THE STORY - Thirty years after serving together in the Vietnam War, Larry "Doc" Shepherd, Sal Nealon and the Rev. Richard Mueller reunite for a different type of mission: to bury Doc's son, a young Marine killed in Iraq. Forgoing burial at Arlington National Cemetery, Doc and his old buddies take the casket on a bittersweet trip up the coast to New Hampshire. Along the way, the three men find themselves reminiscing and coming to terms with the shared memories of a war that continues to shape their lives.
THE CAST - Steve Carell, Bryan Cranston & Laurence Fishburne
THE TEAM - Richard Linklater (Director/Writer) & Darryl Ponicsan (Writer)
THE RUNNING TIME - 124 Minutes
THE GOOD - The performances by all three leads are of varying degrees in terms of tone which means there's something for everyone.
THE BAD - The film's call for the right level of drama and comedy is not mixed properly by Linklater's loose and meandering style.
THE OSCARS - None
THE FINAL SCORE - 5/10
read the FULL REVIEW
By Matt N.
"Last Flag Flying" is probably your father's favorite film of the year but that is not saying much. Overly sentimental and corny in its humor it is a tonal mess throughout. Richard Linklater has assembled a dream leading cast led by Steve Carrell, Bryan Cranston, and Laurence Fishburne, with material based on the 2005 book of the same name, which serves as a spiritual sequel to the book and subsequent movie it was based on called "The Last Detail." So what goes wrong with "Last Flag Flying?" It's not the worst movie I have seen this year. There are some good moments sprinkled throughout but they never seem to come together to create something truly special.
It's been thirty years since Larry "Doc" Shepherd (Steve Carrell), Sal Nealon (Bryan Cranston) and Richard Mueller (Laurence Fishburne) have served together in the Vietnam War. Now, thirty years later, it's December 2003. Sal, never having grown up, even in old age, owns a bar and is practically an alcoholic. Mueller went on to marry and become a pastor now known as "Reverend Mueller." And Doc is a widower who has learned that his 21-year-old son has been killed in action serving in Iraq. Doc reaches out to Sal and Mueller, who he has not seen in decades for help during his time of grief to transport his son's body back home where he hopes to lay him to rest. Traveling across the country, the three friends reminisce on old times, looking backward, forwards and inwards at their lives and how the war shaped them into the men they are today.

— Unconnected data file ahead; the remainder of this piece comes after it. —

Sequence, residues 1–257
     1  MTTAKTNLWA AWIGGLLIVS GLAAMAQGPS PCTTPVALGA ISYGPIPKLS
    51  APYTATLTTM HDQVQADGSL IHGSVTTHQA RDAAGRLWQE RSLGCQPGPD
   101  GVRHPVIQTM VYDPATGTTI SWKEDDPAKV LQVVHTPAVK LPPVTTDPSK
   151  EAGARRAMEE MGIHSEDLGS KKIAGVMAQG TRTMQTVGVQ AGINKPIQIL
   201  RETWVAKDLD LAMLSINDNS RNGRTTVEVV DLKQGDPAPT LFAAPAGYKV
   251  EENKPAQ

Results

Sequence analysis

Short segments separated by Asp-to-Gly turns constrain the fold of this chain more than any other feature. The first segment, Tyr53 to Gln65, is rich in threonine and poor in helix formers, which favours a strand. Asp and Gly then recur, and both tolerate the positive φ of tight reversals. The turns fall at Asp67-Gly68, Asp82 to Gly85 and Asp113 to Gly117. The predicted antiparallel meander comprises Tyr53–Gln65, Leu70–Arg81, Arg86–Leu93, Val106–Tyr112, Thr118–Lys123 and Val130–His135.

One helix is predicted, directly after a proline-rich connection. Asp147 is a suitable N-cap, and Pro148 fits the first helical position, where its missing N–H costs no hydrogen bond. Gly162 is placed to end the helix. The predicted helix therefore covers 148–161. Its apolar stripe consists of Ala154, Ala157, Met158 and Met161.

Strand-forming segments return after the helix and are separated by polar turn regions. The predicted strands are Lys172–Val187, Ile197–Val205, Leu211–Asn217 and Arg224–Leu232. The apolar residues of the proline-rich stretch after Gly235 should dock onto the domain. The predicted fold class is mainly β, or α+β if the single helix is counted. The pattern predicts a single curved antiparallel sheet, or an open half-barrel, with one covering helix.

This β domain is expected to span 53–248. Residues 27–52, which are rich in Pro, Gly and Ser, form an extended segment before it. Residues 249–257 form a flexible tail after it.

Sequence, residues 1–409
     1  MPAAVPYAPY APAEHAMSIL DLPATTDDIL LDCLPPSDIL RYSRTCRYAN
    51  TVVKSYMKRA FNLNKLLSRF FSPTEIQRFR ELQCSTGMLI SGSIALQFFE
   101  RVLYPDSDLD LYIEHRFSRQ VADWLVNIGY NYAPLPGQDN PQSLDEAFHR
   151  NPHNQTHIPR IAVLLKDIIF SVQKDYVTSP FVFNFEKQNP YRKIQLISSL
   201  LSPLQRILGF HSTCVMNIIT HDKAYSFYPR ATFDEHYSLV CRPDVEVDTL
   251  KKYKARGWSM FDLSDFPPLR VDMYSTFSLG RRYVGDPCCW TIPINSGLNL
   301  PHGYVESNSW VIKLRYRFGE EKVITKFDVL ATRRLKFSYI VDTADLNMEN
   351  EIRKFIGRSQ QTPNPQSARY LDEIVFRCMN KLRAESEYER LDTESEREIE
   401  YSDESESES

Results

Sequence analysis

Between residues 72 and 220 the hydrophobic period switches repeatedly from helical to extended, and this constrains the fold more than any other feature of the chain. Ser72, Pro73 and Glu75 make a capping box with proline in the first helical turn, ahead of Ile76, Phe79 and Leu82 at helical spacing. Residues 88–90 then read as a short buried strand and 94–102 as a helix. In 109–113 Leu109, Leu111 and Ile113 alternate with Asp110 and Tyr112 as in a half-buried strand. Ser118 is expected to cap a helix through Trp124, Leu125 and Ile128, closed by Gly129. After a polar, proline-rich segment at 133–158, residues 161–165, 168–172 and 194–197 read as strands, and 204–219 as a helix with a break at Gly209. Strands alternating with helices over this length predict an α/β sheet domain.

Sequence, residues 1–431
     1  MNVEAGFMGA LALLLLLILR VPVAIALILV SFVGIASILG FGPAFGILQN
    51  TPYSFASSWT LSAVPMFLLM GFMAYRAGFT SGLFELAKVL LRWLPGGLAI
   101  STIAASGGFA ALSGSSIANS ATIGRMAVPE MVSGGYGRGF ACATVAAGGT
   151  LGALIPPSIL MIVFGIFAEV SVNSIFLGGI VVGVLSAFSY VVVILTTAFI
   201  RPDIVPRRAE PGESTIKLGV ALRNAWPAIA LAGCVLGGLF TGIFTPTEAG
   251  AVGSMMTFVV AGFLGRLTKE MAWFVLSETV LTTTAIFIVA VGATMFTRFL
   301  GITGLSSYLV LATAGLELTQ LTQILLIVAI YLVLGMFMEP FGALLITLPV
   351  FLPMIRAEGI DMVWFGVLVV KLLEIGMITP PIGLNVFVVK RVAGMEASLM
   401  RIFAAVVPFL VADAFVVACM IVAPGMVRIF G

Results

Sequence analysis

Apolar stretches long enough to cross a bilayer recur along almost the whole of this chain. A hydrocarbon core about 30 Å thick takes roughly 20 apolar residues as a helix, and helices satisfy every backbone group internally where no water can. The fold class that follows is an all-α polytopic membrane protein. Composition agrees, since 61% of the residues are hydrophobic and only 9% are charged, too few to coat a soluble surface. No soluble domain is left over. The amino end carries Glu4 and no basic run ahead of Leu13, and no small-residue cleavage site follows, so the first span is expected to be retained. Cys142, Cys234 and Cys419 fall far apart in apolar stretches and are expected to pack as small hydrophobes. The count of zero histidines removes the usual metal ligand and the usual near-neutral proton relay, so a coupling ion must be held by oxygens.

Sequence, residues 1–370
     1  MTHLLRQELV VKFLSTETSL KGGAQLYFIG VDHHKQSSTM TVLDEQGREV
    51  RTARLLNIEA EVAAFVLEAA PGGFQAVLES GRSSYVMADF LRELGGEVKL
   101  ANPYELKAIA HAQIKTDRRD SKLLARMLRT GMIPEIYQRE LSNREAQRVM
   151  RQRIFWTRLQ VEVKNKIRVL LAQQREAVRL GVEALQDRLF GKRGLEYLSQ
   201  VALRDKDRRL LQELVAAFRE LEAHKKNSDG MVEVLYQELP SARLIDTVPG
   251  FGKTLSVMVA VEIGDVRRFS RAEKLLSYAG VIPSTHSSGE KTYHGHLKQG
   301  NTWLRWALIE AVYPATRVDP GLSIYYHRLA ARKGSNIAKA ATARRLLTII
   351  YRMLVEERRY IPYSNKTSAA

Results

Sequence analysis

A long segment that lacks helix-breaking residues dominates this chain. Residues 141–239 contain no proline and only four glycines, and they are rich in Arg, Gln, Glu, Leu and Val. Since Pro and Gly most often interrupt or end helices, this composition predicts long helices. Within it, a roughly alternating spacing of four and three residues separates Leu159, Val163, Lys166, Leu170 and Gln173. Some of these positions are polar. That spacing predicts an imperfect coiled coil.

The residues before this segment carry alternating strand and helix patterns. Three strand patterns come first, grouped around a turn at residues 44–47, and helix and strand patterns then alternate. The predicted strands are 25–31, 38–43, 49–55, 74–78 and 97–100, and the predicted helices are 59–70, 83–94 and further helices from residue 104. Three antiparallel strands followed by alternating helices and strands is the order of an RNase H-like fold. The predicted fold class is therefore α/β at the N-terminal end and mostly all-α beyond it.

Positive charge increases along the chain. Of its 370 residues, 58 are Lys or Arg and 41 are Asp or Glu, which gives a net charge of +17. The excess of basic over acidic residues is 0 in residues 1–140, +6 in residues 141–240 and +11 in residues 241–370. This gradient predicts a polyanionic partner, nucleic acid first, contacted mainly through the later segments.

"Last Flag Flying" lives or dies by its performances. Fortunately for me, the performances are of such varying degrees that I was able to find something to like here. Bryan Cranston is playing the single, foul-mouthed, cynical, jokester who has the showiest role of the three main characters. He gets most of the film's laughs as he tries to lighten up the depressing seriousness of the journey he and his friends are taking. There comes a point however where Cranston just starts to become too unbearable and his silly antics teeter on being over the top. Suddenly, we reach a point where the jokes about having sex with black women and using a cell phone for the first time, feel at odds with the more serious story Linklater wants to tell.
Steve Carrell is the exact opposite of Cranston. Subdued and internally screaming while on the outside trying to hold up a prideful exterior, it's another great performance from the television comedian who has really come into his own as a dramatic actor in recent years with this, "Battle Of The Sexes" and his Academy Award-nominated performance in "Foxcatcher." The problem for Carrell is that he's giving this great performance in the wrong movie. Due to a lack of screentime (Think if Lee Chandler was a supporting character instead of a lead in "Manchester By The Sea") and a lack of focus from Linklater, who seems to be more invested in Richard and Sal as characters, "Doc" is a bright spot in the film (As the final 5 minutes show) that does not get to shine enough.
And then there is the middle ground. There is Laurence Fishburne. For most, he will probably be their favorite part of the film as he finds the right balance between the comedy and drama of his character. He is playing the straight as an arrow preacher with a dark past and a bad leg to show for it. He gets to play physical comedy and has philosophical conversations about God and the role he plays in our lives. It's one of the best roles Fishburne has had in years and he finds all the right notes.
Unfortunately and surprisingly, the area where "Last Flag Flying" fails is with Linklater. The film wants to be a political commentary on the reasons why we serve and what does it all mean when our loved ones are taken away from us. Who do we blame? ourselves? God? Our political leaders? The enemy? "Last Flag Flying" does not provide any answers and it asks too many questions that seem to get lost in the shuffle. It also tries to be a three-man character study on top of all that on manhood, mortality and brotherhood both at times of war and at home. So while Linklater has been hailed for being loose with his actors and creating narratives that are meandering and could be called "hang-out" movies, this style does not fit well with what "Last Flag Flying" needed in order to be truly effective. It has a powerfully heartbreaking final scene that is completely owned by Steve Carrell but its not enough to make up for the tedious and scattered narrative that came before.